Monday 24th October 2016                 Change text size:

Utility bill increases here to stay, says National Audit Office

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The National Audit Office (NAO) has warned consumers that energy and water bill increases are expected to last much longer than expected, adding that prices could continue to outstrip inflation until at least 2030.

The watchdog made the predictions after it said that £310 billion was needed for infrastructure investment in alignment with the government’s national infrastructure plan. It expects two-thirds of this to be paid by utility companies, which will in turn be passed onto consumers.

It also said that 15% of annual household spending was spent on energy and water bills in 2011 by those on the lowest incomes, adding that in 2013, this is expected to rise by £221 in real terms.

The public auditor added that government and regulators were not aware of the potential impact that infrastructure development could have on utility bills.

Amyas Morse, head of the NAO, said, “Government and regulators do not know the overall impact of planned infrastructure on future consumer utility bills, or whether households, especially those on low incomes, will be able to afford to pay them. It seems critical to know ‘how much is too much’, based on reliable information.”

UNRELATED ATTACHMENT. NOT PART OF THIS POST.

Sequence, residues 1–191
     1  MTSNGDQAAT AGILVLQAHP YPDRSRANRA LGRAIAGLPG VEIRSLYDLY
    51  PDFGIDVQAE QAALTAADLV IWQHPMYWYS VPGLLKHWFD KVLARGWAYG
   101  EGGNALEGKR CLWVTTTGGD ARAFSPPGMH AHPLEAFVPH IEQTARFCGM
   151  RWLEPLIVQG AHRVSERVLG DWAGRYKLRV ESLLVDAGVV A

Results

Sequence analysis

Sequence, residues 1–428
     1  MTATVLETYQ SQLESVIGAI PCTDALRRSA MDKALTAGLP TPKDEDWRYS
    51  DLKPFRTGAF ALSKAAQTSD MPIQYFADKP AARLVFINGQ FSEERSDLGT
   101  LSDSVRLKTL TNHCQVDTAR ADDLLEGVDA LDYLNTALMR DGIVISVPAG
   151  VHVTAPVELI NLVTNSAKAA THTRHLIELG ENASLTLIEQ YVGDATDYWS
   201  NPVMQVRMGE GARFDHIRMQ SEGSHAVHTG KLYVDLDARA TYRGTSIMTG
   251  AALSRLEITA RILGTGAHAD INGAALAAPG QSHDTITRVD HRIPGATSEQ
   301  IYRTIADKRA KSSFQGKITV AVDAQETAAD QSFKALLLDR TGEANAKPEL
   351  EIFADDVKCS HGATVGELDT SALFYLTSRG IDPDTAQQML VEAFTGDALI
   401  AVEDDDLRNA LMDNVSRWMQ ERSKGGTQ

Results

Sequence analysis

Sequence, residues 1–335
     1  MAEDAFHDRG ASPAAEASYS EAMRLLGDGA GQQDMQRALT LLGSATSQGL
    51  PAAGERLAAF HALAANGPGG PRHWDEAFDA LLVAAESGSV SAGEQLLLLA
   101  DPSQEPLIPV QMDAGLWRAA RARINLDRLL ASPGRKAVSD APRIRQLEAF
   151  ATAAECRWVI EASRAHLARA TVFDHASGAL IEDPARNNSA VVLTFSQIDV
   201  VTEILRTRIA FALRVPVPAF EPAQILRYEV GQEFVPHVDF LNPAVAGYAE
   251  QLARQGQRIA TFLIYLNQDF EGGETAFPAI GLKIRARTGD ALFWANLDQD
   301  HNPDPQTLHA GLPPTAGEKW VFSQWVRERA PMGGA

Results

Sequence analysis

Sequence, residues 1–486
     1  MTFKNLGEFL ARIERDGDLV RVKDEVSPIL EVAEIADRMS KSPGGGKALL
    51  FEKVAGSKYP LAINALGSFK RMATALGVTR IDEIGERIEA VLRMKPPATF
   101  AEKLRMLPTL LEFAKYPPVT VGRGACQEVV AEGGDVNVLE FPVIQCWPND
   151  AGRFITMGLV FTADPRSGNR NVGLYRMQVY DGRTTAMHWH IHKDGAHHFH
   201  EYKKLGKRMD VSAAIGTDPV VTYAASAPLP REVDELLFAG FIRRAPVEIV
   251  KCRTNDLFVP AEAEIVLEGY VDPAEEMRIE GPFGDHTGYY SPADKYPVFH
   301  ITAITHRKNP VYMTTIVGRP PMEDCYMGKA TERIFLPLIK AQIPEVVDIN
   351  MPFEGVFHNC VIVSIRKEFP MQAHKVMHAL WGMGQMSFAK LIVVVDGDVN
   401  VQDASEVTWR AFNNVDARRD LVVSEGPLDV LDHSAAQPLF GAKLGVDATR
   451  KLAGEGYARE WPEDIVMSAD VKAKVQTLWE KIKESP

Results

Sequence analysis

The NAO’s figures come after EDF said on Tuesday that it would be increasing its energy bills by 3.9%, the fifth of the big six energy companies to announce price rises.

The firm warned, however, that unless the government was willing to take environmental taxes off energy companies and transfer them into general taxation, it would increase prices even further.

Battle lines were drawn between MPs and energy companies after Labour leader Ed Miliband announced his intention to freeze energy bills for 20 months in September, if elected in 2015.

Whilst the Labour party is promising this hard line approach to energy prices, the government is encouraging consumers to switch energy suppliers, saying that competition is the only way to bring bills down.

Further reading:

EDF hikes prices by 3.9% and vows to go higher if green levies review falls short

Ed Davey: energy firms should not squeeze customers for higher returns

Good Energy customer on BBC Question Time: ‘my energy bills have never been cheaper’

Ed Davey says energy companies must put customers in control


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